According to Nokia Deepfield, daily DDoS peak traffic has increased by 100% in Jan 2020 and May 2021. Poorly secured IoT devices and Cloud are to blame, according to the CTO of Nokia Deepfield.
Nokia’s Data Analytics arm analyzed network traffic through their fingerprint and origin analysis in partnership with global service providers, webscale companies, and digital enterprises. Craig Labovitz, the CTO of Nokia Deepfield, showcased the findings of the company’s global DDoS traffic analysis at NANOC82 this week.
The analysis showed a sharp spike and that the majority of high-bandwidth, volumetric DDoS attacks originated from a few dozen hosting companies.
Labovitz told ZDNet conventional wisdom has it that DDoS attacks originating from all over the Internet can’t be stopped.
“But conventional wisdom is wrong. We can stop the vast majority of DDoS within these 50 companies (e.g. if the hosting companies block bad customers) or by actions taken within the 10-15 internet service providers that connect these hosting companies to the Internet,” he said.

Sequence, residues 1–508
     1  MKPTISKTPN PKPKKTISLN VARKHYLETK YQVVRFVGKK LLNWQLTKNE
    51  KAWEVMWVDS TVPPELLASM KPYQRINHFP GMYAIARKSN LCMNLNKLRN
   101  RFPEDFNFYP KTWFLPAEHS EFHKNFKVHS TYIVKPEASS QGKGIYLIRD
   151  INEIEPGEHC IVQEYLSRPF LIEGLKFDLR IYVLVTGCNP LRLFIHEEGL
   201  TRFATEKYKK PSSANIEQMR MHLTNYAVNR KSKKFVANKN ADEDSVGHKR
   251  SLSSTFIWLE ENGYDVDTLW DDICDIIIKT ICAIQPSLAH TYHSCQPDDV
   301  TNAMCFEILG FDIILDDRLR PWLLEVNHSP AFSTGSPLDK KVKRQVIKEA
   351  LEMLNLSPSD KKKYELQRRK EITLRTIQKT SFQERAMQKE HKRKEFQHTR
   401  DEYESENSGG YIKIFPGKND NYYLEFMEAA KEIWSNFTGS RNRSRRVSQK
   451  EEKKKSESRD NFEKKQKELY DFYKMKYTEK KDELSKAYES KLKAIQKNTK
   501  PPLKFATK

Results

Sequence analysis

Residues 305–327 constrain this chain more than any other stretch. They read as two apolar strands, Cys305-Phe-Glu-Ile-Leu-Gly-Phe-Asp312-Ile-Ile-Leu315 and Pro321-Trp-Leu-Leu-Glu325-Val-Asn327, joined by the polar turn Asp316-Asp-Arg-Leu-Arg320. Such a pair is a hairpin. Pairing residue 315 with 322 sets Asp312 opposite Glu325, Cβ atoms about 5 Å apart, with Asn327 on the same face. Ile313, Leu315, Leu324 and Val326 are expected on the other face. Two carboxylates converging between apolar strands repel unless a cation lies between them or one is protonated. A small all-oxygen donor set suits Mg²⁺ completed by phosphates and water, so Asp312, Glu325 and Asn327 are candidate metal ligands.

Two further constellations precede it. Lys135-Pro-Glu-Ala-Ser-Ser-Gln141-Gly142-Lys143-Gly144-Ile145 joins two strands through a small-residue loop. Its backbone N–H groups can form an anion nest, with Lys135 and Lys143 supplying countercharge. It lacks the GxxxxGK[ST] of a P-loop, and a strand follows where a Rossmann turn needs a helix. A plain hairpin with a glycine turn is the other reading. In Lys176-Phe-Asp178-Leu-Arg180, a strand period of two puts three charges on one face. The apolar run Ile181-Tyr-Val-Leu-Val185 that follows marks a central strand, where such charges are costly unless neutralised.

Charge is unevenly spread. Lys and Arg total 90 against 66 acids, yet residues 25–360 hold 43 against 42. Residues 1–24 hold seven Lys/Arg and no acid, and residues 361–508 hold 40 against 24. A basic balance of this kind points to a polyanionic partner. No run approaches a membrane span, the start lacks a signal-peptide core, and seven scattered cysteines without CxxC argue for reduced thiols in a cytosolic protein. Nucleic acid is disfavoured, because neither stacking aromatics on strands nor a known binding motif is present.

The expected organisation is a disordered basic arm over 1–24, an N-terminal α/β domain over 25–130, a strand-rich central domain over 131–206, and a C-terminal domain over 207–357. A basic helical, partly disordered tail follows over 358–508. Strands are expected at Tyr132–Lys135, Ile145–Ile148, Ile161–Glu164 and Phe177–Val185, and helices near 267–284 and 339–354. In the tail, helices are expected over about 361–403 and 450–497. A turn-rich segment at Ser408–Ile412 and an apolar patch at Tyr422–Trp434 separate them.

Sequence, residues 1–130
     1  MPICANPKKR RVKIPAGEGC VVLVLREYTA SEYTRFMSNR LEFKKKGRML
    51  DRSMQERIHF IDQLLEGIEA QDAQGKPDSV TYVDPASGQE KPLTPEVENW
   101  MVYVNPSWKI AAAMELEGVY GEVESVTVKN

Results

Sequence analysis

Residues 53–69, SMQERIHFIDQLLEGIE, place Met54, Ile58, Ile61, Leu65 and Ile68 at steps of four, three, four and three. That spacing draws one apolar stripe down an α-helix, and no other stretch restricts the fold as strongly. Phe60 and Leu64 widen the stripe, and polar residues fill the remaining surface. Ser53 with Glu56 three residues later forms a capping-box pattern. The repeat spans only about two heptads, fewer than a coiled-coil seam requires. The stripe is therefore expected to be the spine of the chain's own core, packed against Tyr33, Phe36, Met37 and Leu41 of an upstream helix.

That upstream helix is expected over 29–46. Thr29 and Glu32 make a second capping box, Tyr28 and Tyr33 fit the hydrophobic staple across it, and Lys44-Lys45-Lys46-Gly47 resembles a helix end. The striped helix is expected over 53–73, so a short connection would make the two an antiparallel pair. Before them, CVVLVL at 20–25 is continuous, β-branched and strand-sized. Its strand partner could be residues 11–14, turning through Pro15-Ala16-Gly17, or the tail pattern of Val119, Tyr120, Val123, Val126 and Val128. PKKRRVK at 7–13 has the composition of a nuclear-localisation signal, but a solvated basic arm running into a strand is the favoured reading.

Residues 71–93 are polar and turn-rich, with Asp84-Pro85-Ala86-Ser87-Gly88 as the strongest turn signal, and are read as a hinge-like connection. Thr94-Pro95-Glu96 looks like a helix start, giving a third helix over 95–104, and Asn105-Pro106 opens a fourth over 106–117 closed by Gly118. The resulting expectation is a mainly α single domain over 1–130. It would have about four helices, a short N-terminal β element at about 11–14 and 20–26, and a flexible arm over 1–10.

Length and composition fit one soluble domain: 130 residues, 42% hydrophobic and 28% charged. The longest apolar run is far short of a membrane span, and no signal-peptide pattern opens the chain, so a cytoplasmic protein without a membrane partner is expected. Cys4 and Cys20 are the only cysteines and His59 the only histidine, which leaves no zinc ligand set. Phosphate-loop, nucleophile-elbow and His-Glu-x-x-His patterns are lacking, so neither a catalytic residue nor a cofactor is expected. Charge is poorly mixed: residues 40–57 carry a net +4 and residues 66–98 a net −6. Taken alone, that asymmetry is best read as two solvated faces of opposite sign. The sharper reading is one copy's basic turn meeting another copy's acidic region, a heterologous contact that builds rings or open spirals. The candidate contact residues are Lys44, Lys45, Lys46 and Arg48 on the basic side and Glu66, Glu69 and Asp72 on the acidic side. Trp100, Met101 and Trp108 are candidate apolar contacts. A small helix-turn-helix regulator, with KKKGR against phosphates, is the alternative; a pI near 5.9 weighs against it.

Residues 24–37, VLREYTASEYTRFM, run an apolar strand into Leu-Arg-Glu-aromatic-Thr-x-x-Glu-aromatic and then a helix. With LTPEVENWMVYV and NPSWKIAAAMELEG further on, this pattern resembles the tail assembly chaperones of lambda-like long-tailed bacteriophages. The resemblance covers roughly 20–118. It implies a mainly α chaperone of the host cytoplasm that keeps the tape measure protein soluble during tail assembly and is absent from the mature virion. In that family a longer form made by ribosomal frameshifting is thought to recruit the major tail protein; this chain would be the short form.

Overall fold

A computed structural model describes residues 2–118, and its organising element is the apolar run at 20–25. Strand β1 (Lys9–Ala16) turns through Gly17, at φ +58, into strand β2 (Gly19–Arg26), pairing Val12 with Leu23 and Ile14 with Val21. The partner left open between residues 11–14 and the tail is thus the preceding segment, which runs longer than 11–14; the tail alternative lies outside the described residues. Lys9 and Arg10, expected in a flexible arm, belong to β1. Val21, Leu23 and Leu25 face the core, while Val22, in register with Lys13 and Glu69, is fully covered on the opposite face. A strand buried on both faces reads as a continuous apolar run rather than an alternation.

Security researchers also discovered the potential of DDoS attacks to reach over 10 Tbps bandwidth – a threat level that is five times higher than the largest reported DDoS attack. It took place in 2017 when Google dealt with a 2.54 Tbps massive attack that was launched by a Chinese state-sponsored group.
The rise in the number of attacks was largely due to the increasing number of Internet of Things (IoT) devices and “open and insecure internet services,” according to Nokia Deepfield.
According to Labovitz, the exponential growth of the Internet of Things and Cloud and an increasing number of IoT devices without the necessary security measures have raised the level of DDoS attacks significantly. While the exponential growth of DDoS attacks is threatening the whole Internet’s stability.
“The second main point of my presentation today is that the exponential DDoS growth curve represents an existential threat to the Internet. This is due to the expanding number of servers (that can be exploited for launching DDoS) and a large number of IoT devices with sub-standard or default security (therefore, open to hijacking and botnet-control),” Labovitz said.